Fair Day, which is held mid festival at Victoria Park, is a day-time event attended by 65,000. The following weekend, the same park hosts the Pool Party. It commences just before sunset and there is non-stop entertainment for 1000 lycra-clad guests. Victoria Park and Lake Northam Victoria Park is a large park in Sydney, situated on the corner of Parramatta road and City road, between the University of Sydney and Broadway Shopping Centre. ... Lycra is INVISTAs trademark for a synthetic polyurethane-based elastane textile with elastic properties of the sort known generically as spandex. As with other spandex materials, Lycra is commonly used in athletic or active clothing, such as clothes for cycling, swimwear, leotards and dancewear, as well as in underclothes. ...


On Saturday 3 March, the Parade wound its way from Hyde Park, through the heart of gay and lesbian Sydney, to the biggest dance party in Australia. The main theme for 2007 was "Objects of Love". Boy George was supported by many local and other international DJs till the early hours. There were also live performances from Young Divas, Paul Mac, Bob Downe, Vanessa Wagner, Katie Noonan and other artists. The parade was featured in an episode of the MTV reality show The Real World: Sydney, during which four cast members attended the festivities. is the 62nd day of the year (63rd in leap years) in the Gregorian calendar. ... |Hyde Park A Fig-lined avenue in Hyde Park Archibald Fountain, Hyde Park, Sydney Hyde Park is a large park in Sydney, New South Wales, Australia. ... George Alan ODowd, better known as Boy George (born June 14, 1961 in Eltham, London) is a rock singer-songwriter and Club DJ. George grew up in a large, working-class Irish family, which originated in Thurles, in Co. ... Young Divas are an Australian girl group consisting of former Australian Idol contestants Paulini Curuenavuli, Emily Williams, and Season 3 winner Kate DeAraugo. ... Paul Mac (born Paul McDermott) is a musician, producer and remixer from Sydney, Australia. ... Mark Trevorrow is an Australian comedian, television host and media personality. ... Katie Noonan is an Australian singer-songwriter. ... This article is about the original U.S. music television channel. ... Reality television is a genre of television programming in which the fortunes of real life people (as opposed to fictional characters played by actors) are followed. ...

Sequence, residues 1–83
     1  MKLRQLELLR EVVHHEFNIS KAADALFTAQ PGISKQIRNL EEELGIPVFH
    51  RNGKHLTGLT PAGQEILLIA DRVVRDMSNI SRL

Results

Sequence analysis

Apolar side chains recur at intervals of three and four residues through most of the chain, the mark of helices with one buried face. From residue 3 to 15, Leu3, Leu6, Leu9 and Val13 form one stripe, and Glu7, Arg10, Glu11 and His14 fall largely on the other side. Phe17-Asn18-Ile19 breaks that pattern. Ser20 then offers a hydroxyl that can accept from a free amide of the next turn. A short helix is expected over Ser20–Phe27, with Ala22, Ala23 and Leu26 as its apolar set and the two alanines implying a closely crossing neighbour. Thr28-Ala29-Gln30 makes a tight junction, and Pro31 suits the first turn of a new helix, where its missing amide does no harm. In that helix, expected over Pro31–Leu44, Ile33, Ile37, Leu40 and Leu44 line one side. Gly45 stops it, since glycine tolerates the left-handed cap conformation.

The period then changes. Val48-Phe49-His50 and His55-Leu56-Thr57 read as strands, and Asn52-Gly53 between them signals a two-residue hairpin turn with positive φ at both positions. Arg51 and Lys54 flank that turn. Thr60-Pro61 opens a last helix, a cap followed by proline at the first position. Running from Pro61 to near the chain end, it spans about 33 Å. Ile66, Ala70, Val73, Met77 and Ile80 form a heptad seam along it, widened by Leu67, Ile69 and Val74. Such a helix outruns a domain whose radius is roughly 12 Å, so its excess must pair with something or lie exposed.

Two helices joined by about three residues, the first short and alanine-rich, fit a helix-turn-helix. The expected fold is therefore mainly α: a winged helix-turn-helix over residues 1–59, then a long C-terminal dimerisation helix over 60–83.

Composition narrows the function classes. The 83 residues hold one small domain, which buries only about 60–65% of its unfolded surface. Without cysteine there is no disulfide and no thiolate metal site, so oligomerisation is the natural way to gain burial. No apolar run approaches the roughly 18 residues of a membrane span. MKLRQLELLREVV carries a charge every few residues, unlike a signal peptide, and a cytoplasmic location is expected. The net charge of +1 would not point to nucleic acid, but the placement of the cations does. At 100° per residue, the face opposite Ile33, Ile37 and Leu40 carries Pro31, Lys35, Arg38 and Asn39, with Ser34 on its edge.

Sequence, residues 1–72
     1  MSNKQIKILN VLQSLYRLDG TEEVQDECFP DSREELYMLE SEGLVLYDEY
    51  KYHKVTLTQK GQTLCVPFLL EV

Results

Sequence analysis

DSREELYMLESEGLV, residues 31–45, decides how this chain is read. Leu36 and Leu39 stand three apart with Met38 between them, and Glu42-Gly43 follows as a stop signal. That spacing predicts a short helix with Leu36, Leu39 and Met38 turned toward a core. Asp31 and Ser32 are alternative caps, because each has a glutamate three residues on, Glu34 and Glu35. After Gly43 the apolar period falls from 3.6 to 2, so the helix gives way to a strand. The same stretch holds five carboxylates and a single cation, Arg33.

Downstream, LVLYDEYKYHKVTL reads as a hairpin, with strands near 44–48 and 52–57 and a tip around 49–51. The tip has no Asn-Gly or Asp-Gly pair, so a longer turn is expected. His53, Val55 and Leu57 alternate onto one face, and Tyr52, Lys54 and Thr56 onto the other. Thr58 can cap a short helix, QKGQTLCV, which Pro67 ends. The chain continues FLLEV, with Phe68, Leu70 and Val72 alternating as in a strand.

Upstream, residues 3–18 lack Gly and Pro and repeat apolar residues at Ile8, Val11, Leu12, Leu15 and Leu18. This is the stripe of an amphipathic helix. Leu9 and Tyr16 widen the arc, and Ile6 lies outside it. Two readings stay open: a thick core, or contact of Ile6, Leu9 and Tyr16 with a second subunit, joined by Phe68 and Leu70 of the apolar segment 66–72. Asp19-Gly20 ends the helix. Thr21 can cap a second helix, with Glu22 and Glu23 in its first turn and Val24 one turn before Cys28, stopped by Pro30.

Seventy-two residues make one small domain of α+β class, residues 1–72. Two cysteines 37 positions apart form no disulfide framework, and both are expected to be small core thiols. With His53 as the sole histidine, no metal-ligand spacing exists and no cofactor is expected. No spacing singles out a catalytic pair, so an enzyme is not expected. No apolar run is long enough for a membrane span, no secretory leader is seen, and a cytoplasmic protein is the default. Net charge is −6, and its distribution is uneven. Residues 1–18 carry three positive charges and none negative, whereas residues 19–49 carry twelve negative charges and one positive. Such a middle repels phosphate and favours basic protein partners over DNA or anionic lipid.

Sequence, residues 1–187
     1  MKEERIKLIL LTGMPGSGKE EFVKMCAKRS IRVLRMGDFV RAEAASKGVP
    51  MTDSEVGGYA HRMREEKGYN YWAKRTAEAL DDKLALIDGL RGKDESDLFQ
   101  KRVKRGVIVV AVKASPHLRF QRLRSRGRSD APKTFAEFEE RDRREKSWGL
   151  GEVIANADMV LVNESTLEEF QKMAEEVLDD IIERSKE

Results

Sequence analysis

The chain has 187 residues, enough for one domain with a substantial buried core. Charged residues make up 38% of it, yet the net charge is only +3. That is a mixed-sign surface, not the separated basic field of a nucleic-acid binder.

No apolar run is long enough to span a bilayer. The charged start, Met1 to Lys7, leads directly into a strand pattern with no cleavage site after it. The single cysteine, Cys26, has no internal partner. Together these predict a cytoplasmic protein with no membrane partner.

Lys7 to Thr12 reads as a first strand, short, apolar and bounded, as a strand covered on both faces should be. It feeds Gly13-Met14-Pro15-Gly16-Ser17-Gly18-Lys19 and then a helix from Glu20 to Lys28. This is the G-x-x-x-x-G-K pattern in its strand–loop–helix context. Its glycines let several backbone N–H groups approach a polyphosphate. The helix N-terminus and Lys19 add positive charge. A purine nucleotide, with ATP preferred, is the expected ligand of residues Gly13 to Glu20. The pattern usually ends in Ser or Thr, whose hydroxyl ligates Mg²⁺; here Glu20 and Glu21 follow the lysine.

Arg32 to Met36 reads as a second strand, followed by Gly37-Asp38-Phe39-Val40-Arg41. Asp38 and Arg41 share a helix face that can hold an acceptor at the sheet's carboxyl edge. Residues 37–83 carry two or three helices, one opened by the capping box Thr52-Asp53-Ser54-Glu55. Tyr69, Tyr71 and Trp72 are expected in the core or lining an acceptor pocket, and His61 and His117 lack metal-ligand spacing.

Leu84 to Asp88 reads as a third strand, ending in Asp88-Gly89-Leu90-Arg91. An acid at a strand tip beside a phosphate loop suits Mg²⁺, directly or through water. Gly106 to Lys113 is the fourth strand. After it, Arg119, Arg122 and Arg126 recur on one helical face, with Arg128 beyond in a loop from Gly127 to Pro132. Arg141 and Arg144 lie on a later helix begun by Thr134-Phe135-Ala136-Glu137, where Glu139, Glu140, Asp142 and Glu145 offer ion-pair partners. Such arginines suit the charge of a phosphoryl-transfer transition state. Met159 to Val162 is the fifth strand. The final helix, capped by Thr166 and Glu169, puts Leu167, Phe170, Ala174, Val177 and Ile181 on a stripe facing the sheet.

For many years a fully themed, magazine style guide with information on all events has been produced, and a multi-disc compilation album is often released in conjunction with the festival. A compilation album is an album (music or spoken-word) featuring tracks from one or multiple recording artists, often culled from a variety of sources (such as studio albums, live albums, singles, demos and outtakes. ...


References

  1. ^ (Marsh, I. & Levy, S. (1998) Sydney Gay and Lesbian Mardi Gras: Economic Impact Statement 1998 Sydney, Gay and Lesbian Mardi Gras Ltd)
  2. ^ Pinkboard

External links


  Results from FactBites:
 
Sydney Gay and Lesbian Mardi Gras - Wikipedia, the free encyclopedia (534 words)
The Sydney Gay and Lesbian Mardi Gras is an annual parade and pride festival for the gay and lesbian community in Sydney, Australia.
Though it has rained on several Mardi Gras parades (notably with heavy downpours prior to, and drizzle during, the parade in 1995 and in 2004), this has never stopped the parade.
Criticism of Sydney's Mardi Gras was perhaps at its strongest during the early years of the AIDS crisis, and reached another crescendo when in 1994 the national broadcaster, ABC, telecast the parade for the first time (a huge ratings success for the network).
  More results at FactBites »